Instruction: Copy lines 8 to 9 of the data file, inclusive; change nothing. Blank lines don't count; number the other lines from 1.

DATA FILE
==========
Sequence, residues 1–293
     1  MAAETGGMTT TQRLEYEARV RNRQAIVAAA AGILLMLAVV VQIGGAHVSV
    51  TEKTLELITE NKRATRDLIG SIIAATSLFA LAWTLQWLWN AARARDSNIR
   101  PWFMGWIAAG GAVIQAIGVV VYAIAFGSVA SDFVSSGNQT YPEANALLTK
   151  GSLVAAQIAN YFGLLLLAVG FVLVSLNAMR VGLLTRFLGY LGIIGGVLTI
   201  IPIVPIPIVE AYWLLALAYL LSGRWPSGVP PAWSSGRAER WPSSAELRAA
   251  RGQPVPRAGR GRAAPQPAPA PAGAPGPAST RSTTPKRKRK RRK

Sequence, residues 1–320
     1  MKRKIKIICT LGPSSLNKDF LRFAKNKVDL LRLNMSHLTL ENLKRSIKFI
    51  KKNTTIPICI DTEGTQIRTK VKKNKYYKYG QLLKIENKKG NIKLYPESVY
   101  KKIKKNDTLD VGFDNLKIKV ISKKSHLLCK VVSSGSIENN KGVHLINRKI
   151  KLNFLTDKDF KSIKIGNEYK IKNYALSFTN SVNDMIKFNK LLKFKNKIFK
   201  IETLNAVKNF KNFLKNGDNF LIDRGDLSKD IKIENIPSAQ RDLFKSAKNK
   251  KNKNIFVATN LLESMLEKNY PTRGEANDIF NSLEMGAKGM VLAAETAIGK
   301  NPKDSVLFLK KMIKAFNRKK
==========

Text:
Sequence, residues 1–320
     1  MKRKIKIICT LGPSSLNKDF LRFAKNKVDL LRLNMSHLTL ENLKRSIKFI